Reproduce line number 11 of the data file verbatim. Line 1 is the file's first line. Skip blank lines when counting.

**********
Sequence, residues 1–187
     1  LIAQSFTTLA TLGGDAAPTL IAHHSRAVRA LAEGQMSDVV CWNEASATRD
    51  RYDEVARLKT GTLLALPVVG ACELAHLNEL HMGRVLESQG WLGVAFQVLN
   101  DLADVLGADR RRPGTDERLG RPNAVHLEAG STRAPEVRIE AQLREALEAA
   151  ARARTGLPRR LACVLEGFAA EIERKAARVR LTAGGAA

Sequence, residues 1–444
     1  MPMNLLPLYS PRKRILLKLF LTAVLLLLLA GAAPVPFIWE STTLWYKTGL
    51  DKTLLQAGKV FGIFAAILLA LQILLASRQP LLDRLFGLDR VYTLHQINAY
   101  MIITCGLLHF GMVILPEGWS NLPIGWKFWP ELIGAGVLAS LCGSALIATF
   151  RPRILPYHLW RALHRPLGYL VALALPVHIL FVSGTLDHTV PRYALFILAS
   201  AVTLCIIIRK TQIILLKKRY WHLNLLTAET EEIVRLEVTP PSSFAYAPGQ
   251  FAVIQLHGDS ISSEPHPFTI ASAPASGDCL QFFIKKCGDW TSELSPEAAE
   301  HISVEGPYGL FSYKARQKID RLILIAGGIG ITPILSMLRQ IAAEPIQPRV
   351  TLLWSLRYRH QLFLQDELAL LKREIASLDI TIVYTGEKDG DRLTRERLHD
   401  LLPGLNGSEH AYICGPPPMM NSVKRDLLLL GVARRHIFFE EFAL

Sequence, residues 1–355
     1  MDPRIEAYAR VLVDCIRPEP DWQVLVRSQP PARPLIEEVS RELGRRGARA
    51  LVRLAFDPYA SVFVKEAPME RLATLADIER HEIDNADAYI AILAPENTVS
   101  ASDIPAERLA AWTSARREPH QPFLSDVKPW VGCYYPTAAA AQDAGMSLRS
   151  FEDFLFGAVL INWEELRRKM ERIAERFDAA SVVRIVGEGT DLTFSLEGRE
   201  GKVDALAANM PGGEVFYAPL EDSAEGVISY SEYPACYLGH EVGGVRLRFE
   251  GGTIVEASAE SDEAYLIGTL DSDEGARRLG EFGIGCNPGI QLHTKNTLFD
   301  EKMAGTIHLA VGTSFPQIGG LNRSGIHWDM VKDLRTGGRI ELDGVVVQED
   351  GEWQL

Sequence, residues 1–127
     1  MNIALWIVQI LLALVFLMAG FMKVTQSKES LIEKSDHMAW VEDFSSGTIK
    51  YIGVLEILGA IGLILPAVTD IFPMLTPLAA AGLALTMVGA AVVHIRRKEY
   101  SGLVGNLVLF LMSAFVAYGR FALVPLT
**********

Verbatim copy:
   201  AVTLCIIIRK TQIILLKKRY WHLNLLTAET EEIVRLEVTP PSSFAYAPGQ